The issue of migration is at the forefront of the Brexit debate. The “Leave” camp is arguing the United Kingdom should embrace tighter migration controls.
If it wins, Leave would strip European Union citizens of the automatic right to live and work in the UK in favour of an Australian-style “points-test system” for skilled workers. It argues such a system would limit migration and benefit the UK economy.
But how does the Australian system work? And is it, as the Brexit campaigners suggest, the “solution” for economic migration policy?
Australia’s skilled migration system
Permanent migration to Australia is highly regulated and capped at around 190,000 visas per year. Of these, about two-thirds are set aside for skilled migration; the rest are for family and humanitarian entrants.
For the year 2014-15, 128,550 permanent skilled visas were issued. Of these, 72,840 were points-tested visas.
Permanent skilled visas can be further broken down into two categories: employer-sponsored and independent. Visa applicants without employer sponsorship are required to lodge an expression of interest with SkillSelect, an online system that ranks applicants based on information provided – such as age, education and work experience.
Applicants are also required to nominate an occupation on the Skilled Occupation List and be assessed by a relevant assessing authority as having the skills required for that occupation. The SkillSelect system is used to invite highly-ranked applicants to apply for permanent skilled visas and allow state and territory governments to nominate a highly skilled person for a visa.
Independent skilled visas also require an applicant to pass a points test.
How does the points test work?
For each visa class subject to a points test, the immigration minister sets a“pass mark”.
The migration regulations specify the number of points that can awarded to an applicant across a range of factors. These include:
- English proficiency;
- employment experience;
- educational qualifications;
- community language qualifications; and
- the skills of an accompanying partner
Additional points are awarded to those who are invited to apply for a visa by a state or territory government agency.
For example, the pass mark for a Skilled Independent Subclass 189 visa is 60 points. A hypothetical person who is 27 years old, has “superior”English, and a bachelor degree would be able to obtain 65 points on these factors alone.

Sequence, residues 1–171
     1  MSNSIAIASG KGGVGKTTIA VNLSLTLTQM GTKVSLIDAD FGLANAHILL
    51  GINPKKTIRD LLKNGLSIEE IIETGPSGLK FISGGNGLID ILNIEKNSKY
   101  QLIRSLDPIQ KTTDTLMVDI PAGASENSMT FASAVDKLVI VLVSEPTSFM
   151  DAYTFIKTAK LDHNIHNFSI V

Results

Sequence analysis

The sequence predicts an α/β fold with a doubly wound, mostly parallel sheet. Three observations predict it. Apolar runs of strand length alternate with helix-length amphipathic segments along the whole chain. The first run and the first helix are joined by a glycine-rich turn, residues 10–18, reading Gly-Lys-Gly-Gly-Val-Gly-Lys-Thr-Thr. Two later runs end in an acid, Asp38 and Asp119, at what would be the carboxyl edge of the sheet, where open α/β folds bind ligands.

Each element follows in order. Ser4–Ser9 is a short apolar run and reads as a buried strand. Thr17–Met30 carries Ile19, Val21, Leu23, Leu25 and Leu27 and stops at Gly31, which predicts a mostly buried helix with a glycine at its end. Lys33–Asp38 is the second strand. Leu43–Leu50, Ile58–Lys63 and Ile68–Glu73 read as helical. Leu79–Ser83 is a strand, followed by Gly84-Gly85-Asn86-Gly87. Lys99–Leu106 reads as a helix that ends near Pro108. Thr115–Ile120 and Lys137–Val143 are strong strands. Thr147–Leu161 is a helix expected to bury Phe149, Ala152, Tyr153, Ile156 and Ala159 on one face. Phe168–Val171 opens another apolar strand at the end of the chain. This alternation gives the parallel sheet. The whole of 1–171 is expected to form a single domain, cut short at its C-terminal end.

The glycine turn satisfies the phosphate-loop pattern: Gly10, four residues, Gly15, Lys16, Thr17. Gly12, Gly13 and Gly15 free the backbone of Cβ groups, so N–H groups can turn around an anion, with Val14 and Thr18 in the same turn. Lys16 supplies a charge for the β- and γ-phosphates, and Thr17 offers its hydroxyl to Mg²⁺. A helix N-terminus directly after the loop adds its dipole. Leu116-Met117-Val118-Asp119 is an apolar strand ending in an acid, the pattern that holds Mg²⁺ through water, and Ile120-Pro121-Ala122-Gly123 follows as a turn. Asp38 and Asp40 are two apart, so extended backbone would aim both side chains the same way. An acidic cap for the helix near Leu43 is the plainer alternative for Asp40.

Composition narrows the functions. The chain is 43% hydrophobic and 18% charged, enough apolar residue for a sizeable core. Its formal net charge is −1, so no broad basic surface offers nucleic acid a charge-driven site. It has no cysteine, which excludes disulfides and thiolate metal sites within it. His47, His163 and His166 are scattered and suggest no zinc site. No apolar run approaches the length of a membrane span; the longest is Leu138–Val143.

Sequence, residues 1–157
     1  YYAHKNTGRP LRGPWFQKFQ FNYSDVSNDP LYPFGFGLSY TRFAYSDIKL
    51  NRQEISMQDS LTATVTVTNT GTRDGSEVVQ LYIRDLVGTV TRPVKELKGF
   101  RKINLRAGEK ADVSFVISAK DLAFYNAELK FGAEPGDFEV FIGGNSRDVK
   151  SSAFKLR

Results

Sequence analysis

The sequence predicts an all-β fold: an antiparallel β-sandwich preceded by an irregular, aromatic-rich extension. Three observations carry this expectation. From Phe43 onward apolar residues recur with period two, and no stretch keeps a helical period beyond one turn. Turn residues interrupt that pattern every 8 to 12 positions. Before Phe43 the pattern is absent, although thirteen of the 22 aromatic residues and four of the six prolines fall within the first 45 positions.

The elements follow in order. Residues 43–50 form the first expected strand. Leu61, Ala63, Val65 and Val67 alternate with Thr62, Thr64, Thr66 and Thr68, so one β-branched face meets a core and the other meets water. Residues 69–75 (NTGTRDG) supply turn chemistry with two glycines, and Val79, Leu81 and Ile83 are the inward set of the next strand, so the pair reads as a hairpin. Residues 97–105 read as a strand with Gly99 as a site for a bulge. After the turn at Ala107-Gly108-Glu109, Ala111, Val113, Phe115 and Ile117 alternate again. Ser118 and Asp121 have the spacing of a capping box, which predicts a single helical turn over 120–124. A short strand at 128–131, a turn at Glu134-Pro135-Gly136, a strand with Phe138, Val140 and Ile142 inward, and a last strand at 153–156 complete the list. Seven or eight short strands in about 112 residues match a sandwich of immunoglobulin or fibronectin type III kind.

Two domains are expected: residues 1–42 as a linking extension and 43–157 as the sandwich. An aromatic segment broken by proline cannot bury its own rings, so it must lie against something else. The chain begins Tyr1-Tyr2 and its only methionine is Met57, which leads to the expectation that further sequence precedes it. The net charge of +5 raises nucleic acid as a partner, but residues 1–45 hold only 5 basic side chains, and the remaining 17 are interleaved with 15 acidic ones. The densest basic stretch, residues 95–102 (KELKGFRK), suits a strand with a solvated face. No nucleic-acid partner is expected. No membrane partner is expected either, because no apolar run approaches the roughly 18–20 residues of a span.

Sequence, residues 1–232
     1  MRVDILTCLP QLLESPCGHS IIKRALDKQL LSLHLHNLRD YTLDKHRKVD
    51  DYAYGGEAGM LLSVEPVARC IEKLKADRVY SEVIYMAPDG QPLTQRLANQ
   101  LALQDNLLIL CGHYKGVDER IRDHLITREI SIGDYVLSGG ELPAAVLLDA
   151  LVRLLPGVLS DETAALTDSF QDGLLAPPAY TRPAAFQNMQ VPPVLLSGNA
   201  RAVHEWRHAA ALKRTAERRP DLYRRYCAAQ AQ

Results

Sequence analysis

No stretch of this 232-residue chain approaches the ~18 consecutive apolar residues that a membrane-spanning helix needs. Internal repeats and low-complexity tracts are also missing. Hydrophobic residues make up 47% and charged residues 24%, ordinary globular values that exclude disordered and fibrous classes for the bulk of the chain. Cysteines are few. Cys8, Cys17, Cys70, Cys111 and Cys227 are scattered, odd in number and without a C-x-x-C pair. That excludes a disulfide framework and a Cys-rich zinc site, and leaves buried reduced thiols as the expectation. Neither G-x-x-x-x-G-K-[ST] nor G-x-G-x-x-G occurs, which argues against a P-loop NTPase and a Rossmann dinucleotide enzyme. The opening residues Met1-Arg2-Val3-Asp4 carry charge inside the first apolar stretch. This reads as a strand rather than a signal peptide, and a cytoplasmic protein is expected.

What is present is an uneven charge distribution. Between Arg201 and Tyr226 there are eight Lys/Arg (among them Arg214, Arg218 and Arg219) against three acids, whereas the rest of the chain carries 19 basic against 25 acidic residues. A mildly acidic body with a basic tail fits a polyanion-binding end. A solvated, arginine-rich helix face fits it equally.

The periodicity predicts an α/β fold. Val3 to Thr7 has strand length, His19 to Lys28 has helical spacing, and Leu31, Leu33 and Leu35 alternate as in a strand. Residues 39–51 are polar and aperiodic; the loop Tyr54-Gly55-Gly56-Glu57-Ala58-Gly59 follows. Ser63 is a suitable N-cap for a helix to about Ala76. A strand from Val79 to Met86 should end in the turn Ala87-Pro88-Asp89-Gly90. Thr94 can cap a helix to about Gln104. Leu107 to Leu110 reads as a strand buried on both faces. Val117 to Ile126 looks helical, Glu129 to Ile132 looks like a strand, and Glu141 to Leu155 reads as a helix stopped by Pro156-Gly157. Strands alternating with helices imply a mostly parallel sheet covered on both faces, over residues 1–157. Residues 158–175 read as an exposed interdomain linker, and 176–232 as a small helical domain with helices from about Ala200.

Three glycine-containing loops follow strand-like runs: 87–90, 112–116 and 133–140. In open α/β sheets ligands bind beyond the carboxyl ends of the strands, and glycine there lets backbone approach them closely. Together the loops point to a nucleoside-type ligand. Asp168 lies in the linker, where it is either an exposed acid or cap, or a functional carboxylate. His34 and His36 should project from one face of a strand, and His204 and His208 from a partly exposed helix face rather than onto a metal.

By contrast, a person aged 42 with the other factors the same would only score 50 points. They would thus need to rely on other criteria to obtain a pass mark.
The points-test scheme is intended to:
… attract migrants who are highly skilled in key occupations of medium to long-term need in Australia.
Those who are young, highly skilled and have excellent English abilities are most likely to meet the points test.
Strengths and weaknesses
Using a points test to screen for the best and brightest international talent is theoretically sound from a policy perspective. It sets clear and transparent standards for entry and allows the government to control economic migration into areas necessary for long-term economic growth.
However, the system is not without its problems. Some suggest a points test is a crude measure that does not account for “soft” attributes desired by employers such as communication skills, the ability to learn on the job, or resilience.
Australia’s Productivity Commission has suggested that what is labelled as “skilled” on the Skilled Occupation List is “arbitrary”. This raises questions as to the government’s ability to accurately project shortages in the labour market, leading to under-employment or over-employment in some areas.
This leads to suggestions that demand-driven models that allow employers to screen and employ applicants they need without resorting to the points test should be preferred. There is some evidence in Australia that employer-nominated migrants have:
… on average, better short and medium‑term labour market outcomes than independent skilled immigrants.
However, a shift towards employer-led models – where a person’s visa status is tied to a particular employer – raises questions about worker exploitation and underpayment of wages, both of which are problems in Australia’s temporary 457 and working holiday visa categories.
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